Some cats make such a fuss about being in cat carriers that their parents let them roam freely in the car while traveling to the veterinarian. While this may seem like the most humane solution, it actually puts you and your cat in danger.
Even a minor fender-bender can toss a seven-pound cat around quite around quite a bit–not to mention what would happen if your curious kitty were to wedge themselves under the brake pedal.
A cat carrier is a must-have if you’re planning to travel anywhere by car with your cat. Here are a few things you can do to choose the best cat carrier possible.
Cat Carrier Size Matters
Size is one of the most important factors to consider when you’re choosing a new cat carrier. In this case, bigger isn’t always better.
If your cat’s carrier is too small, they’ll feel cramped and uncomfortable, which can exaggerate the already stressful experience of traveling. On the other hand, choosing a carrier that is too large can cause your cat to slide around and feel unsafe.
So how do you know what the correct size is? According to experts, an appropriately sized carrier is 1.5 times the size of your cat. This should give your cat enough room to stretch but not enough to get knocked around.
Choose The Right Material
When you’re searching for a carrier, you’ll notice many different types of soft and hard options. For many cats, the material won’t matter much.
However, you may want to choose a hard plastic carrier if your cat is prone to scratching when anxious. Otherwise you may find yourself replacing a shredded soft carrier more than necessary.
If you choose a hard carrier, be sure to line the bottom with a soft layer so your cat will be comfortable.
Many carriers these days come adorned with loops that will allow you to secure them with a seat-belt in the back seat of your car. Your cat will be much safer if they’re secured.
This isn’t just for your cat’s safety, but yours, as well. An unsecured cat carrier can quickly become a projectile in the event of an accident and hurt others in the vehicle.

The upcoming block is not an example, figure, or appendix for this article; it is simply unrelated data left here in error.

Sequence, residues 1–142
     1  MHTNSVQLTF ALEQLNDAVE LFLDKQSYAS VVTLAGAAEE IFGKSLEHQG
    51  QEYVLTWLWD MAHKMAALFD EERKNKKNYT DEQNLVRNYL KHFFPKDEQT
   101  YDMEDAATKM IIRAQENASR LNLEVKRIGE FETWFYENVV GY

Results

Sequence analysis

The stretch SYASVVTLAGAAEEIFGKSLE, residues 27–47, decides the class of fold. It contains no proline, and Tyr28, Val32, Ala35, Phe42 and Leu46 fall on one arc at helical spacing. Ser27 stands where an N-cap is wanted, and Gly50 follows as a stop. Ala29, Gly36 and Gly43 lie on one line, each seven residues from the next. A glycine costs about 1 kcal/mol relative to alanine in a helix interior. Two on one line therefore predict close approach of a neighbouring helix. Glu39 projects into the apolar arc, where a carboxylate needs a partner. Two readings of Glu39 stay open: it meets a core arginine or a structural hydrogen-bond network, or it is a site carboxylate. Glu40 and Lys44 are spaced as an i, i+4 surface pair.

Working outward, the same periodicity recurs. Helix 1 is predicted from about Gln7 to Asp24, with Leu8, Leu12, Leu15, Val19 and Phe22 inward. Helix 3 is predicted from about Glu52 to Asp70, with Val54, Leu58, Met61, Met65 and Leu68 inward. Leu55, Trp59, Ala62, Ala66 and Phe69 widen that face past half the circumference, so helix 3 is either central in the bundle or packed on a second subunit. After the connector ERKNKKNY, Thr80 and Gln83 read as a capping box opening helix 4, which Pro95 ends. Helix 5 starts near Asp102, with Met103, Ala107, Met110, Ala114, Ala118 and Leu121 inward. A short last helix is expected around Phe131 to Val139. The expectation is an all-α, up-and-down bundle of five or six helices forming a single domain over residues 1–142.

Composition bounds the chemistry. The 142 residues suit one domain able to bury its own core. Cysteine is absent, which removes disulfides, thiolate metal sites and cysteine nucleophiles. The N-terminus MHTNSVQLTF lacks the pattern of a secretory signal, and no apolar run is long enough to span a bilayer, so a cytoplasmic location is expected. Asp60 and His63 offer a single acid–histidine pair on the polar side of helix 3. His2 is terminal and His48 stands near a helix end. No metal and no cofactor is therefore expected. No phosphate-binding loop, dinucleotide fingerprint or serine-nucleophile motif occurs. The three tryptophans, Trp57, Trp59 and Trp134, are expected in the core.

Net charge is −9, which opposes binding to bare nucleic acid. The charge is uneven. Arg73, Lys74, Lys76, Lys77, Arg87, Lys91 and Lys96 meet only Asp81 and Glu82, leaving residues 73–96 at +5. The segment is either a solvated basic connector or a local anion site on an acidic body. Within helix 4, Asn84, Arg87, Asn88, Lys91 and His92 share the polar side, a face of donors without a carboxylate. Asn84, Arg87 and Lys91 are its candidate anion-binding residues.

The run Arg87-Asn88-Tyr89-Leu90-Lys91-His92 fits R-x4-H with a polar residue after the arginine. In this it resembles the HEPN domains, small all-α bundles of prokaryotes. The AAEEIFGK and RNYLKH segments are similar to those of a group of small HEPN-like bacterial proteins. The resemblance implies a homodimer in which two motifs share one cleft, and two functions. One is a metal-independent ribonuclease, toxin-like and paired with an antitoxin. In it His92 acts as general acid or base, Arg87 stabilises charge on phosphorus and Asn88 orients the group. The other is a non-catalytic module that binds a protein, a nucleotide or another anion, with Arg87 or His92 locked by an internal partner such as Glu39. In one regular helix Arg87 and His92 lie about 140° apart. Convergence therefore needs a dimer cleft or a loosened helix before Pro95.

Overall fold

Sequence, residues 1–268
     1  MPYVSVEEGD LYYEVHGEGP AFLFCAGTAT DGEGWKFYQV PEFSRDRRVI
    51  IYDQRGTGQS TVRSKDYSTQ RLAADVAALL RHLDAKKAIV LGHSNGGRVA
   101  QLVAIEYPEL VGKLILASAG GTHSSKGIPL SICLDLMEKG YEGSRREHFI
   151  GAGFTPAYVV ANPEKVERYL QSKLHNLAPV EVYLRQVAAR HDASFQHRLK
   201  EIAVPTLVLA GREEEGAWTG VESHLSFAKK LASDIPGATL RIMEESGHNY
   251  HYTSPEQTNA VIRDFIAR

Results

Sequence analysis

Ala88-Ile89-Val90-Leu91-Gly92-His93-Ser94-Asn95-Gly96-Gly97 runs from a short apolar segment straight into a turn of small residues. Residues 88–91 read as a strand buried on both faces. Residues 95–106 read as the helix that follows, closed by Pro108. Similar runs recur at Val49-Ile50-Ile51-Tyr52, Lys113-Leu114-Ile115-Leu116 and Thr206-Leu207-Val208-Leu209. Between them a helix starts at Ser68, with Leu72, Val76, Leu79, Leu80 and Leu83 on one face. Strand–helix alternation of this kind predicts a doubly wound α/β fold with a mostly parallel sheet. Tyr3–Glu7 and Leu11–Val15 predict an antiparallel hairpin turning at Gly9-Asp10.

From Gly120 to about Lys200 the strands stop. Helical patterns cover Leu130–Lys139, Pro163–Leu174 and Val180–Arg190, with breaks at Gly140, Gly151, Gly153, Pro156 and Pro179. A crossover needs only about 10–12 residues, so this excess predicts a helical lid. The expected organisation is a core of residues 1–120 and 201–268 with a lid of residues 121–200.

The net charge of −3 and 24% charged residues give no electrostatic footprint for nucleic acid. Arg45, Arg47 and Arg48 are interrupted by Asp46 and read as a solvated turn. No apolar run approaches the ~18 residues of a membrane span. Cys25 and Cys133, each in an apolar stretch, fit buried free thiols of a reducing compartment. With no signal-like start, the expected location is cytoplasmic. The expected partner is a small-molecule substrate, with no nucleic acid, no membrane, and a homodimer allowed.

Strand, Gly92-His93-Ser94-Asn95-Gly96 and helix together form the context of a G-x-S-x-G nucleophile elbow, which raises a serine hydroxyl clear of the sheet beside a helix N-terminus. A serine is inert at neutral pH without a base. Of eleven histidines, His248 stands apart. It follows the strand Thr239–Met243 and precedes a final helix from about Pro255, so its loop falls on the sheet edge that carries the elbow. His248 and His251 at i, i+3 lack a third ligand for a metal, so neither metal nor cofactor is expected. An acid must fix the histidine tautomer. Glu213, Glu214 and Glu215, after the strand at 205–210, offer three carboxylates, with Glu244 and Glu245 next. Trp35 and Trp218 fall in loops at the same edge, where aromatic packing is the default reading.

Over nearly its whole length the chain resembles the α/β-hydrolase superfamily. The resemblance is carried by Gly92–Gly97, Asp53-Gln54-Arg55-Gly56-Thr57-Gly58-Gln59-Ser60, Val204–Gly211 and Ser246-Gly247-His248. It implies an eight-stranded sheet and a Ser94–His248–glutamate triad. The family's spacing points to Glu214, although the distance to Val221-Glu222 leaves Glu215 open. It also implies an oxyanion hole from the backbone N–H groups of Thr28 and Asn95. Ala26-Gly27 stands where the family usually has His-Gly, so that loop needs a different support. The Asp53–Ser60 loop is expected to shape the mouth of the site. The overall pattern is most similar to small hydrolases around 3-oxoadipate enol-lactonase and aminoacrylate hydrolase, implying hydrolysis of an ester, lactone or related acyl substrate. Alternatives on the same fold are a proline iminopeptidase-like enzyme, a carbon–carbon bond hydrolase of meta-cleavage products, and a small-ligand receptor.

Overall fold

Make sure you can secure the cat carrier you choose in the car if you intend to use it for travel.
Consider A Top Loader
Many people find that its easier to load a cat into a carrier if they can use a door on the top of the carrier rather than in the front.
If your cat isn’t prone to flailing, you may do just fine without this feature. It’s more a matter of preference. However, it’s just another factor you may want to consider.
If you have a lot of trouble getting your cat into your current carrier, there are plenty of other options that might make it easier on you. However, you can take a lot of steps to make your cat’s carrier more comfortable, and that can go a long way in reducing stress when it’s time to go for a car ride.
Make Your Cat’s Carrier Comfortable
Making your cat’s carrier comfortable will help them feel safe during your car ride and may make it easier to get them into the carrier in the first place.
There are a few things you can do to make your cat’s carrier more comfortable and alluring:
- Since cats use their facial pheromones to mark things that they have deemed safe and secure, spritzing a synthetic feline facial pheromone such as Feliway into the carrier 15 minutes before scooting them inside can trick them into being comforted. You can find pheromone products online.
- Leaving the carrier out when its not in use will make it a familiar object in your cat’s daily life. Instead of hiding it in a closet, leave it somewhere accessible so they’ll be able to smell it, explore it, and mark it with their happy facial pheromones.
- Giving your cat treats when they’re rubbing against the carrier, showing curiosity towards it, or voluntarily entering it will help them associate the experience with a happy time.
Of course, whether of not your cat is comfortable in the carrier depends a lot on the carrier itself. Cats are sensitive and finicky creatures, and choosing the right carrier can make a huge difference in how your cat reacts to it.
Consider Your Cat’s Individual Needs
Unfortunately, there isn’t one type of carrier that is “the best” for every cat. Each cat will have their own quirks and preferences, and only you will be able to determine what may work best for your specific situation and cat.
Some cats have medical conditions or injuries that may make certain carriers uncomfortable. It’s best to ask your veterinarian for some advice if this is the case for your kitty.
Let your knowledge about your individual cat, along with these suggestions, guide you towards a conscious and informed decision about the type of carrier that will work best for them.
Does your cat have a great cat carrier? What type do they prefer? Let us know in the comments below!
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